And thus she roved and roved as if all her life's energy were to be spent in a day's afternoon. Her father often remarked, 'It's as if some new blood has got into her; some new life.', which is rather remarkable. For her eyes shone with some other light, her voice sang in some other tune and her feet ran in some other gait. She had the glow of a mother who carries the seed of some other inside her. But these are mere fantasies. She was a vernal girl, her own soul running far ahead and far too swiftly for her to comprehend. And we with our souls ridden with mundane worries and morbid thoughts, what can we fathom of hers?
So this is all then that we say. The girl was now filled with some unseen vigour.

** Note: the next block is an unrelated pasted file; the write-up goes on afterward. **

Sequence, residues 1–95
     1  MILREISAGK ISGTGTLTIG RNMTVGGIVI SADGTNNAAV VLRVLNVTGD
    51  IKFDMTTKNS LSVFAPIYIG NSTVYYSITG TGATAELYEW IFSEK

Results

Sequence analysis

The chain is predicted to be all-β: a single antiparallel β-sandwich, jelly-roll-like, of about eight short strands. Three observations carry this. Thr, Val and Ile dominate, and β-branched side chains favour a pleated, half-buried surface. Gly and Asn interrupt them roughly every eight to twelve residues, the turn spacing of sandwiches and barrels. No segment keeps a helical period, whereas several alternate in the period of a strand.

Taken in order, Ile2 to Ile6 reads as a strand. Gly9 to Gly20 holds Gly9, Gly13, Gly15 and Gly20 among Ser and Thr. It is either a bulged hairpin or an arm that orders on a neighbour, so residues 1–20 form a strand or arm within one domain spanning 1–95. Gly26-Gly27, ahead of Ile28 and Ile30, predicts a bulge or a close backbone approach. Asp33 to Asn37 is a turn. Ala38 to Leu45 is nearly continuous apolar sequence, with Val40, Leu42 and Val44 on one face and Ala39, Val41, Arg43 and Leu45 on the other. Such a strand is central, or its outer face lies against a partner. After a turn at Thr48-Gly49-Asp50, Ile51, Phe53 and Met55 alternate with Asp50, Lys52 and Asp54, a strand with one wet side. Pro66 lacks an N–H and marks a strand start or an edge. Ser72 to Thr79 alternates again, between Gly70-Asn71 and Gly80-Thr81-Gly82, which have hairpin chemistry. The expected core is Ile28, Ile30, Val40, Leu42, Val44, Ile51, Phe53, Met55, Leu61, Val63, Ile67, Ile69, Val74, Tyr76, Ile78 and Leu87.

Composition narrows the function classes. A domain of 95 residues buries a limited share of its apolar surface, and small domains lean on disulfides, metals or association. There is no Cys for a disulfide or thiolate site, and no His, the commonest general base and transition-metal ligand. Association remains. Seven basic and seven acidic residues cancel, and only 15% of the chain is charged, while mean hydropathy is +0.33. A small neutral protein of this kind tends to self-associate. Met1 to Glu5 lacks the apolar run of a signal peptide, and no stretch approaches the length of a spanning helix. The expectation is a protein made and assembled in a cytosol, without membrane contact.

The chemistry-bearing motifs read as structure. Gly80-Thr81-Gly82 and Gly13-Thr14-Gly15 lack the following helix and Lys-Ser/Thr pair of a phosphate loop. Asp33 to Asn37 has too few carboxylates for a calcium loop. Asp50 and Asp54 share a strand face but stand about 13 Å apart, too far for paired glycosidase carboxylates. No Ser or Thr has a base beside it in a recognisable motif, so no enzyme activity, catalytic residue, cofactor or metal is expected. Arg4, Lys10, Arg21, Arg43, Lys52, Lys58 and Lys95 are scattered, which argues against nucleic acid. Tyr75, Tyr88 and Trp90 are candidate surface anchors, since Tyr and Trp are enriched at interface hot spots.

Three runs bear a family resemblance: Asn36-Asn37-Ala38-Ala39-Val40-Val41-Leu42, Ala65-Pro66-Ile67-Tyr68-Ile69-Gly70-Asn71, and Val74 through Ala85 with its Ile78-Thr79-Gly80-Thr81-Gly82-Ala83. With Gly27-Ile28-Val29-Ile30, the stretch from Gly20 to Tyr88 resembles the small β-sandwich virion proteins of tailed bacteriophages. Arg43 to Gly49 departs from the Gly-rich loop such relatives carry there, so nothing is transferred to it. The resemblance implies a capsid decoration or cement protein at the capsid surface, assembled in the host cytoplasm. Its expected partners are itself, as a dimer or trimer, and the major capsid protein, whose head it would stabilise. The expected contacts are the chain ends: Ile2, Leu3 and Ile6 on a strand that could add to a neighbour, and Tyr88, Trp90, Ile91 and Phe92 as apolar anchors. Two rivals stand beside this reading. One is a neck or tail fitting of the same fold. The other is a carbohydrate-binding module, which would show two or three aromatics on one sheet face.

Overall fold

A week before she slipped into darkness and dolour again. It was as if a bright summer morning had turned into a cold winter night with a pale moon. For her form wasted away, her eyes grew sunken and her lips frosty. She shunned the windows at dawn, looking up to the sun with malignity. If a chance ray of light touched her feet she coiled away in horror. As dusk fell, her face lit up with the lustful yearning of a young bride. She pined away silently at the open door, her lips parted and hands clawing. And in the darkness of night when her parents happened to wake, they heard her laugh the cold contented laugh of pleasure or mumble incoherent sweet nothings of desire. She was a fruit ripened too early and sucked too fast. Her pure snow white heart now had unholy streaks of passion. And passion it is that drove her to beat the dog when he growled at her, bite the chickens when they clucked at her and scream curses at birds when they fluttered about her.